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New resources are needed to increase local technical capacity, and to ensure that road safety management becomes self-sustaining over the long term. The Commission believes that a ten year programme of catalytic investment is needed to support the on going UN collaboration activities, and develop country level pilot programmes on the key risk factors, infrastructure assessment, research effective counter measures, develop data and monitoring systems, improve post crash response, and human resource development and training in technical capacity to design and implement road safety strategies and plans. An illustrative outline of a proposed Action Plan, (which would be developed in detail in consultation with agencies, governments and stakeholders), is provided at the end of this report. New resources are already being devoted to road safety by the World Bank Facility, and also the private
sector’s Global Road Safety Initiative. This is welcome, but it is insufficient to implement the ambitious scale of the proposed action plan. The Commission believes that greater effort is needed from the major donor nations, from multilateral institutions, from foundations and other private sources. To ensure that an Action Plan is effectively resourced the Commission proposes a ten year commitment of US$300 million of which US$200 million be contributed by donor governments and US$100 million from other sources. If the donor governments of the OECD DAC Committee agreed to fund an Action Plan as proposed on the basis of their current percentage share of total ODA, their individual contributions would be affordable, given the rising level of aid budgets towards the UN target of 0.7% of GNP. The Members of the G8, taken together, would contribute just over US$14.1 million per year. For example, the United States would provide $5 million per year, while the UK, Japan and France would each provide around $2 million per year. This is very substantially less than is already being committed to comparable public health problems such as malaria and tuberculosis, but would enable significant and measurable progress to be made in reducing global road traffic deaths and injuries.
• Agree on common definitions for key road safety related data reporting systems, and identify good practice in knowledge transfer on key risk factors and the development of multi-sectoral national road safety strategies; • Examine the progress of the UN World Forum for Harmonisation of Vehicle Regulations and the 1949/1968 UN Road Traffic Conventions, and progress towards wider participation in these efforts; • Identify road safety’s contribution to the achievement of the Millennium Development Goals and prepare proposals for the review of the transport dimension of sustainable development to be undertaken by the UN Commission on Sustainable Development in 2010; • Provide an opportunity for low and middle income countries to confirm their commitment to action to implement the World Report and adopt national road safety strategies and targets. This last point is important, as it is vital that developing countries take ownership of the issue of road safety and develop their own strategies and sources of financial support for road traffic injury prevention.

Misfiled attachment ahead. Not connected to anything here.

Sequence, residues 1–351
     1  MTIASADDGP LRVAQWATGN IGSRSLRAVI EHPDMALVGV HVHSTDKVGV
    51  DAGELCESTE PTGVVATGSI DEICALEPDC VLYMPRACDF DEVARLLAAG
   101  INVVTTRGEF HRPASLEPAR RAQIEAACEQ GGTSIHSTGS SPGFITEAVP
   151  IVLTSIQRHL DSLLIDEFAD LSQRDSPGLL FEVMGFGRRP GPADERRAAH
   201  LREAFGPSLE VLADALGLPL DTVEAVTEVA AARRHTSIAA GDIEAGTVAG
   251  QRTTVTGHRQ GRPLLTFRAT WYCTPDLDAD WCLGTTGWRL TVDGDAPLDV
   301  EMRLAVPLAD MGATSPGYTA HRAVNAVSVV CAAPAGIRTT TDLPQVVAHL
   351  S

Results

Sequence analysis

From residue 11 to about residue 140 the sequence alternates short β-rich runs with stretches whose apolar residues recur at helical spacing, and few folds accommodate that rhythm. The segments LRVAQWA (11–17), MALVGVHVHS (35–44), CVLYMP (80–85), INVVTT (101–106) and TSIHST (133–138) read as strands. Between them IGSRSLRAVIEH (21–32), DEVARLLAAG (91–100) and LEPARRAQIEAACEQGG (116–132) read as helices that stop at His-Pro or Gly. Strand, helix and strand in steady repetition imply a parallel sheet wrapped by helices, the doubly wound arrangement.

“It is vital that developing countries take ownership of road safety and invest in their own skills and strategies.” Alongside a substantially increased level of resources there also needs to be a scaling up of the political and institutional response to global road safety. More resources will necessarily entail more accountability. The Commission believes, therefore, that the UN should consider convening a (first ever) global Ministerial level meeting on road safety. The Commission appreciates that, given the already crowded agenda of high level meetings, there needs to be both strong justification for, and solid outcomes from, a Ministerial Conference. However, the Commission is confident that this would be the case. The Conference agenda could: • Review the work of the UN Collaboration, the World Bank Global Road Safety Facility, the Action Plan, and the implementation of the World Report and the related UN Resolutions; • Assess progress at a regional level, by considering relevant action plans and reviewing targets (such as those of the UN Regional Commission’s ASEAN, APEC, the AU, and the EU) and the progress made towards achieving them;